Just like we argue that silver is the poor man’s gold, gold is maybe becoming the poor man’s crypto,” Goldman Sachs’ Head of Energy Research Damian Courvalin told Bloomberg in an interview as he discussed the state of metals market. Courvalin was responding to a question on whether assets other than gold like cryptos and Bitcoin are being used by investors to hedge against inflation. “I think it’s actually starting…We’ve argued historically that crypto and gold do not have to cannibalize each other.”
“The value of crypto is its network, just like the value of oil is the fact that it’s consumed. Gold, like diamonds and art, doesn’t have that. It’s just a pure defensive asset that can outperform over a significant period of time,” Courvalin added.
However, there has been a substitution. For instance, China started to ban cryptos in late September and there have been signs of strong gold demand in China, he said. “At this point, there may be enough wealth to allocate to both (Gold and Bitcoin), especially, I think, as that inflation signal is starting to be more pressing,” said Courvalin.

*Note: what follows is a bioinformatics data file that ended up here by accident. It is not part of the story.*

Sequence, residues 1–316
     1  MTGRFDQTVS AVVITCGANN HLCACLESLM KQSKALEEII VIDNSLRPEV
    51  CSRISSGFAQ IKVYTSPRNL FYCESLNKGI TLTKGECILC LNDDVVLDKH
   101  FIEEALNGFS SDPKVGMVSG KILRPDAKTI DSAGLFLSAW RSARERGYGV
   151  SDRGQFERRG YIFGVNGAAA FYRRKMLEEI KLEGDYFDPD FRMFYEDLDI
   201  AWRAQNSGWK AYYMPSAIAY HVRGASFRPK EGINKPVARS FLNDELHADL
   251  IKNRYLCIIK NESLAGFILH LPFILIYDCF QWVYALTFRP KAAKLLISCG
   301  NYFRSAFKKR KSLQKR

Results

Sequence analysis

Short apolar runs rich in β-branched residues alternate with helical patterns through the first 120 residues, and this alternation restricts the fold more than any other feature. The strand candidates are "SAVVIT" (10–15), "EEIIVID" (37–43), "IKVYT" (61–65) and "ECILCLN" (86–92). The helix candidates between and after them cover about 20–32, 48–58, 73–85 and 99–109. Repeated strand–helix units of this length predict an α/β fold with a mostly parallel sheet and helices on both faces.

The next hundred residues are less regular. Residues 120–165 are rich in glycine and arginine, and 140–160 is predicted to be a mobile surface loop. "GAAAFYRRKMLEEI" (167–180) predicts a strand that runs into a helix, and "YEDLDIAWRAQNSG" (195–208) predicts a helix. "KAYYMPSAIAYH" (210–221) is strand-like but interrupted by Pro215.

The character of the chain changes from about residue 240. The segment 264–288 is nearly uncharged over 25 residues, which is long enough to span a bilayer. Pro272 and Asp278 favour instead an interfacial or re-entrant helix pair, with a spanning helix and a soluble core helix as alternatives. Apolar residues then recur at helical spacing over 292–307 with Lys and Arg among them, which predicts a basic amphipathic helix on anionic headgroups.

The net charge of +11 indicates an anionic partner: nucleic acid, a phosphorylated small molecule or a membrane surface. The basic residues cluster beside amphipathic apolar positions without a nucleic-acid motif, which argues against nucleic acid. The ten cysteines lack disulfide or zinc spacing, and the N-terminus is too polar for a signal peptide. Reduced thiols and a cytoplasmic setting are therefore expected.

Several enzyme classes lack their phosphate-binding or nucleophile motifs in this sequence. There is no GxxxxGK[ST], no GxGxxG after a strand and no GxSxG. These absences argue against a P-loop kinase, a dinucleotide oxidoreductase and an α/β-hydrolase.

In October this year as well, the global investment bank JPMorgan had said in a note that institutional investors appear to be returning to bitcoin perhaps seeing it as a better inflation hedge against gold, said a report by Markets Insider, adding that the earlier trend of money moving out from gold and going into bitcoin has re-emerged in recent weeks.
As per the bank, over $10 billion has flowed out of gold ETFs since the beginning of the year while over $20 billion has flowed into bitcoin funds, the report noted. This had helped bitcoin’s share in the crypto market to increase to nearly 45 per cent from 41 per cent in mid-September. According to CoinShares, the digital asset investment products saw inflows worth $174 million in November’s first week, marking the 12th consecutive week of inflows. As a result, inflows into digital assets stood at $8.9 billion in the year so far vis-a-vis $6.7 billion in 2020.